Unfortunately, this is not like being extricated and deprogrammed after leaving a small cult. Most Trumpers live in an are that is Trump country. Their family, neighbors, friends, church congregants, people in town and in the stores and restaurants, are all Trumpers. They can never really leave Trump to regain a sense of self. The community they are living in determines that. Most can not make a clean break, and won't. Their family that would normally perform the kidnapping and relocation to an undisclosed house where family love-bomb them back to counter the cult's love-bombing doesn't exist.

Religious conversions typically come at moments of undue and overwhelming stress, grief, or feelings of loneliness. Many cults operate at colleges, because that is often the first time students are away from their families, in a strange environment and subject to unchecked influences. They prey on people from fractured households or with no friends. It starts slowly, and the target is filled with a strong sense of self-worth and community and that makes them want to initially stay, and then afterwards, they slowly get assimilated into the cult. They would need another type of conversion to leave, or complete removal from all strings that connect them to the cult influence.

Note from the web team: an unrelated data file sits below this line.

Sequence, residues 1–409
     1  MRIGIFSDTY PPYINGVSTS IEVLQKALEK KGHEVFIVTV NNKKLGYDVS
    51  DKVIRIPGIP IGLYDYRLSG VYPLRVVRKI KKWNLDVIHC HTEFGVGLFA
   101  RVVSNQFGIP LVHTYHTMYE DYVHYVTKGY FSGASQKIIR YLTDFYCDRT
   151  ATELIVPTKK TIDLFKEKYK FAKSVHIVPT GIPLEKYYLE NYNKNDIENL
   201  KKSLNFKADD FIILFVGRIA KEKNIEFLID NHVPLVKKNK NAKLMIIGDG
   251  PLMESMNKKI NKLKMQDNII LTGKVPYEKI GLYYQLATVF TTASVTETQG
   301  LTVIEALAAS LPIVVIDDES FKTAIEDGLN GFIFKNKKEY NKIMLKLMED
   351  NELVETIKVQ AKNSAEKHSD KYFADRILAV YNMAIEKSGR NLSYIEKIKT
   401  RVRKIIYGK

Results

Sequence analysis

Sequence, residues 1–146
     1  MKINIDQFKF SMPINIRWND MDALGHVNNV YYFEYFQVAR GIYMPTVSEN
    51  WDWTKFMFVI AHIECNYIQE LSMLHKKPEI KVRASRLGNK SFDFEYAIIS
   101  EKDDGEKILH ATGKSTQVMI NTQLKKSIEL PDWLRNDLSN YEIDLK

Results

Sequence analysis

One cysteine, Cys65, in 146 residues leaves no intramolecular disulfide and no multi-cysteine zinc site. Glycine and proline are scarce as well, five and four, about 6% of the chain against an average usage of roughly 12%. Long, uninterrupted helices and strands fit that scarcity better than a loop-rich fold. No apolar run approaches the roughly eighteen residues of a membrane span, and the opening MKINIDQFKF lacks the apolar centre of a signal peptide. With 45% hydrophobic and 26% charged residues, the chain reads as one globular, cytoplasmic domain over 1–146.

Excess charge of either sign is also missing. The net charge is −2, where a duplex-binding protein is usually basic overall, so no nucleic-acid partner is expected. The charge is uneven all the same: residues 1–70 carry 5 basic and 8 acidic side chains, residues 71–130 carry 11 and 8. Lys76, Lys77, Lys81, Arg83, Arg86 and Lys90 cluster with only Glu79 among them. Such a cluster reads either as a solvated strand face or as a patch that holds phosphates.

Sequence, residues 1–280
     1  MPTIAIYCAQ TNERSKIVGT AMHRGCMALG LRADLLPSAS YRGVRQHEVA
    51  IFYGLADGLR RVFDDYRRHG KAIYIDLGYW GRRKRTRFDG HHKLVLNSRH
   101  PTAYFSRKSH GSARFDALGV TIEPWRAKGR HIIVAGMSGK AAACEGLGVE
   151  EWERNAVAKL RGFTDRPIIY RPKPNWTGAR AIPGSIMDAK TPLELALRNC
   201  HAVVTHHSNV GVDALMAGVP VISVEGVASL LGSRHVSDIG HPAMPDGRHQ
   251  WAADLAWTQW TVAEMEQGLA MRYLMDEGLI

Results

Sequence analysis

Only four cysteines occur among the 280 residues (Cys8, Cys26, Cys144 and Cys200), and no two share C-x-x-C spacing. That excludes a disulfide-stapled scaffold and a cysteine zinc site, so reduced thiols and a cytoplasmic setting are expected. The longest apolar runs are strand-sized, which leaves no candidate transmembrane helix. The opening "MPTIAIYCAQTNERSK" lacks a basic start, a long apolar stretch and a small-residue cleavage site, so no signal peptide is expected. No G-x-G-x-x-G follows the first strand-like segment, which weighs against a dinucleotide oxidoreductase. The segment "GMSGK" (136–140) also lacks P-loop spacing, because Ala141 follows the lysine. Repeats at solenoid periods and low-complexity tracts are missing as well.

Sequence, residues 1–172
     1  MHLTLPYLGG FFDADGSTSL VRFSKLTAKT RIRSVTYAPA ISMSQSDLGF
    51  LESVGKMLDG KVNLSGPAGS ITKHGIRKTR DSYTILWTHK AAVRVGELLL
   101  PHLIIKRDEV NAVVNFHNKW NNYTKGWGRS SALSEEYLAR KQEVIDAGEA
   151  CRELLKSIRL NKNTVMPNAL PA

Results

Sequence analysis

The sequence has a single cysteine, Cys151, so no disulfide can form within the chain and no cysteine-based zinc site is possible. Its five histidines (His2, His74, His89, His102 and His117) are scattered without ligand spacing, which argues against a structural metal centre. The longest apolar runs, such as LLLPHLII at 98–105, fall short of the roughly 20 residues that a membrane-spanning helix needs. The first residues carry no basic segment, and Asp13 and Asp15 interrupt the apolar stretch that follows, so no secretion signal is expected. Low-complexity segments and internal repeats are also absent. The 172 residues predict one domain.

.

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Response to Hippo_The_Pointer (Original post)

Sun Jun 6, 2021, 12:30 AM

14. Educated by

Tara Westover is another extraordinary book about escaping a family cult.

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Response to cbabe (Reply #14)

Sun Jun 6, 2021, 06:26 PM

16. Thanks. I wasn't aware of this book.

I had an aunt an cousins in a cult; and my sister-in-law is in one as well, as is one of her two daughters.